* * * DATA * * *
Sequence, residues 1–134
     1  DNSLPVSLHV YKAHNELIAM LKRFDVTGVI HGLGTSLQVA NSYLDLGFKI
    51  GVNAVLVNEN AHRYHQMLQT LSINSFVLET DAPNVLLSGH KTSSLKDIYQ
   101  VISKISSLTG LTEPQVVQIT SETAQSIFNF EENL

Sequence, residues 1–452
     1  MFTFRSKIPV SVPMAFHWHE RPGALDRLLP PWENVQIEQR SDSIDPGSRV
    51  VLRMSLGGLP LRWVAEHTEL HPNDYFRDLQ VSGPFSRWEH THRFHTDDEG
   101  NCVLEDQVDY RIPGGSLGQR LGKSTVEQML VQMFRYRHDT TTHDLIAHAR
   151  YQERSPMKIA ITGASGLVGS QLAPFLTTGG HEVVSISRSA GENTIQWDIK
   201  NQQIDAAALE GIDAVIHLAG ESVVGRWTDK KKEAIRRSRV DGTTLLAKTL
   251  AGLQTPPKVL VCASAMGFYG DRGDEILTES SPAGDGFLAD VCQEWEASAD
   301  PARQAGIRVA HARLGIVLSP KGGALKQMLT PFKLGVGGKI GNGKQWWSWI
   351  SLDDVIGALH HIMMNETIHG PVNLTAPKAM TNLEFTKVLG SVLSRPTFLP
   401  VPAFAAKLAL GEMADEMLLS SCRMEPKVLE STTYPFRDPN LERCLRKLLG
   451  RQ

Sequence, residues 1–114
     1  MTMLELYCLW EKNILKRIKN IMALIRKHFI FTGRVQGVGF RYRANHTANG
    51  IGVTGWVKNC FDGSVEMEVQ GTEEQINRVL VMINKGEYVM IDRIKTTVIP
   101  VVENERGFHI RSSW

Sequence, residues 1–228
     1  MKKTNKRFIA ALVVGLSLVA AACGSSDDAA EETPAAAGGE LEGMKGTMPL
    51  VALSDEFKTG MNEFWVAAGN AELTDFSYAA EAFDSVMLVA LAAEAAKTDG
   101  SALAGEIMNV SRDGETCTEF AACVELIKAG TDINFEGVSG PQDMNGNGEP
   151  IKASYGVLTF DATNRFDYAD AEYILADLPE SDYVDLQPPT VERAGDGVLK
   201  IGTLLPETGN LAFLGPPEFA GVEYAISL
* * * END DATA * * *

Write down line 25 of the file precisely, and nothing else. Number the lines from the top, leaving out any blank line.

   201  IGTLLPETGN LAFLGPPEFA GVEYAISL